Maundy Thursday

Today is Maundy Thursday. The term “maundy” comes from the Latin word “command.” On this night, we remember Jesus’ new command:

A new command I give you: Love one another. As I have loved you, so you must love one another.” – John 13:34

At a Maundy Thursday service a few years ago, these words hit me with power and conviction. This Scripture has been my life verse since then. I do not always live this Scripture, but it is my standard of spirituality.

On Maundy Thursday, we recognize that Jesus established Holy Communion as our way to remember and connect with Him. We also remember that Jesus washed His disciple’s feet on this day, so we should also serve each other.

The observance of Maundy Thursday is important preparation for Good Friday and the Easter celebration.

Remembering Don George and Lynn Hancock

On Thursday, I went to Dallas for Pastor J. Don George‘s funeral. It was a hard but beautiful day. I saw old friends, many that I did not even have the chance for a conversation. I am blessed to be part of the company of pastors who descend from Pastor George’s ministry.

This picture is a treasure to me. Pastor George and Jaroy Carpenter are anointing me with oil before a mission trip in 1990. Behind us is Calvary’s long-time worship leader Lynn Hancock, extending his hand in prayer towards us. Lynn also passed away just a few weeks ago. He was such a good friend to my family and me in my formative years. I learned how to worship in Lynn’s ministry.

I am sad Pastor George and Lynn Hancock have passed away, but I know I will see them again.

The Three Streams Chart

We had such a powerful worship experience last night. We took that evening to lean into the “Spirit stream” and found refreshing in the Lord.

Last Sunday, I started our vision series CIL Forward and shared our identity as a Three Streams church. Here is the chart that we shared during the sermon about the Biblical-basis for a Three Streams identity. Pastor Dan Scott introduced this chart to me a few years ago, and it has been a great way to put in words how God has formed us.

Advent: An invitation to connect with Jesus

You may have been like me, not growing up around the concept of Advent.  Advent designates a period before Christmas when Christians prepare for the celebration of Jesus’ birth. If you choose to follow the traditional church calendar like we often do at CIL, Advent started on December 1 and culminates on Christmas Eve. 

This organization of times extends our holiday. Advent prepares us for Christmas, which is celebrated for 12 days by the church, beginning on December 25. Christmas is a time of joy, wonder, awe, and feasting!

So, lean in with the rest of the world-wide church into this heavenly focus. This time is an invitation to connect with Jesus.  At whatever point you want to acknowledge Advent, I think it will be good for your soul.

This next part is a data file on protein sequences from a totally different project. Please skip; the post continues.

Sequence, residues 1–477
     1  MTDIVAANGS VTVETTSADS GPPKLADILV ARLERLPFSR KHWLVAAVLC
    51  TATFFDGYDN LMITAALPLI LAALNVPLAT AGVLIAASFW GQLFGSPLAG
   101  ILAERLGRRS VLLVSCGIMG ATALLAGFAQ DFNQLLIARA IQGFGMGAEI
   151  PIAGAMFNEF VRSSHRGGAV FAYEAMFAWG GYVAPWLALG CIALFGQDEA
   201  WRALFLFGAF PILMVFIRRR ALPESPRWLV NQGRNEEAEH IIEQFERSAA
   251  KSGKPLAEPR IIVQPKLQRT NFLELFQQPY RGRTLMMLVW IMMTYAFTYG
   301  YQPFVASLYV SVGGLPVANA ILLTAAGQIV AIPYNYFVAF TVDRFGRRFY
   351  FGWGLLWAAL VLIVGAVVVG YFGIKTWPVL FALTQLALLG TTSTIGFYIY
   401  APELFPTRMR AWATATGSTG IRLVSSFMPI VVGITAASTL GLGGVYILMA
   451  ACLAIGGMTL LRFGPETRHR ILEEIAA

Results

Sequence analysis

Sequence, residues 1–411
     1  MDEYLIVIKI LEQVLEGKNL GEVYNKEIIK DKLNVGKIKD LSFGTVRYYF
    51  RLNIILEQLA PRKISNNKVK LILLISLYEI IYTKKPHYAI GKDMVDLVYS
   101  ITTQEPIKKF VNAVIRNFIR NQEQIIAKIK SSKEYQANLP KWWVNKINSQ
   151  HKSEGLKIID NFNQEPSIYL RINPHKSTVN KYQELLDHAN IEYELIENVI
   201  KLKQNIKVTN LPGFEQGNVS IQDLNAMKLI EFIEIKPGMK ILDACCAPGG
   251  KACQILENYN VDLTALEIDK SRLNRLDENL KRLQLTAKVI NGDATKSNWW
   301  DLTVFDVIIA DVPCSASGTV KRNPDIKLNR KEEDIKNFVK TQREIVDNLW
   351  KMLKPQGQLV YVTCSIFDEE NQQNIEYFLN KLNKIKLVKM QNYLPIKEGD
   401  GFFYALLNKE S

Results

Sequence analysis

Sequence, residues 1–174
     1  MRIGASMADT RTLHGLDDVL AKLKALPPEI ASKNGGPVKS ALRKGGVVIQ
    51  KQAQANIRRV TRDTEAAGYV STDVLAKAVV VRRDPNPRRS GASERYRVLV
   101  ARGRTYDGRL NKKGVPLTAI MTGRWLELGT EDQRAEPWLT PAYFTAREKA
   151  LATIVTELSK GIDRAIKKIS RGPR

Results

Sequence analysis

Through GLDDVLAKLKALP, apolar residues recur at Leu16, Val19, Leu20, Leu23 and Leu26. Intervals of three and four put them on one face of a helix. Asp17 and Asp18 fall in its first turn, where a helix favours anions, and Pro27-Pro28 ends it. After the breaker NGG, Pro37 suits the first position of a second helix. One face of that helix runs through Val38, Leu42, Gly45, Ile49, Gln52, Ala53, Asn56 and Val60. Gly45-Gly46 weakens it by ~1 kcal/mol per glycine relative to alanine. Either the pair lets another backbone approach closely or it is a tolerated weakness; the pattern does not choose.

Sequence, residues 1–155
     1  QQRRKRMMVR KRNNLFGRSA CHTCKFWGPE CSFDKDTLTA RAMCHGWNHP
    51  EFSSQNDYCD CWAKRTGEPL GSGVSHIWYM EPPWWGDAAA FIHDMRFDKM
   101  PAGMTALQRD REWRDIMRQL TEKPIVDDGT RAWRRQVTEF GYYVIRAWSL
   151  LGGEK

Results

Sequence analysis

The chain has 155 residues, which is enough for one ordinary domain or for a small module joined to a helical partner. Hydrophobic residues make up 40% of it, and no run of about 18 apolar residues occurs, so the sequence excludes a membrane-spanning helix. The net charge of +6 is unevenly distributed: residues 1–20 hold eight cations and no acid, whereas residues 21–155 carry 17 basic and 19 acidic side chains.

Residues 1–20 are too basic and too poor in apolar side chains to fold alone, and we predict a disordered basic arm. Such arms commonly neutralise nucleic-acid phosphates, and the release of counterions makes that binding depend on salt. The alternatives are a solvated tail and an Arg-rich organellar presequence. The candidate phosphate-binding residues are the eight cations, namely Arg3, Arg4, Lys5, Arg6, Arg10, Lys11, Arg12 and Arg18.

One way you may benefit from Advent is some additional Bible reading that revolves around Advent themes. Attached is a plan provided by CIL that you may find helpful.  

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“Day of Atonement” Service this Wednesday

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Many years ago, I discovered what respect and appreciation Christians should have towards the Jewish faith. Christianity sprung from Judaism, yet we live out our faith oblivious to that reality.

This irony explains my enthusiasm that Pastor Chris Muti will lead us in a Day of Atonement prayer time on Wednesday, October 9 (12 pm) at CIL.

Yom Kippur is a way to remember our heritage and to glorify Jesus Christ.

I’ll be there, and I hope you will join us!

What is Eastertide?

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Do you wish that Easter wasn’t over? Good news! It is not.
 
When observing the church calendar, Easter starts on Resurrection Sunday and is celebrated for several weeks. This season is also known as Eastertide. It is 50 days of celebration until Pentecost Sunday.
 
If you are interested in learning more about this, take a listen to this informative and enjoyable podcast from Renovare with Nathan Foster interviewing Dr. Lacy Borgo.
 
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The picture is of a stain-glass named Women at the Tomb (circa 1150) in Chartres Cathedral (Chartres, France)

Grieving for Notre-Dame

Iconic buildings do matter.   They are the culmination of culture, history, story, faith, and love.  They are a connecting point for a disjointed society.

Human beings reflect the image of God in many ways, including our creativity and skill in building beautiful structures.  

A centuries-old building lost in an evening brings a sadness we cannot quite reconcile, so we grieve for the Notre-Dame Cathedral.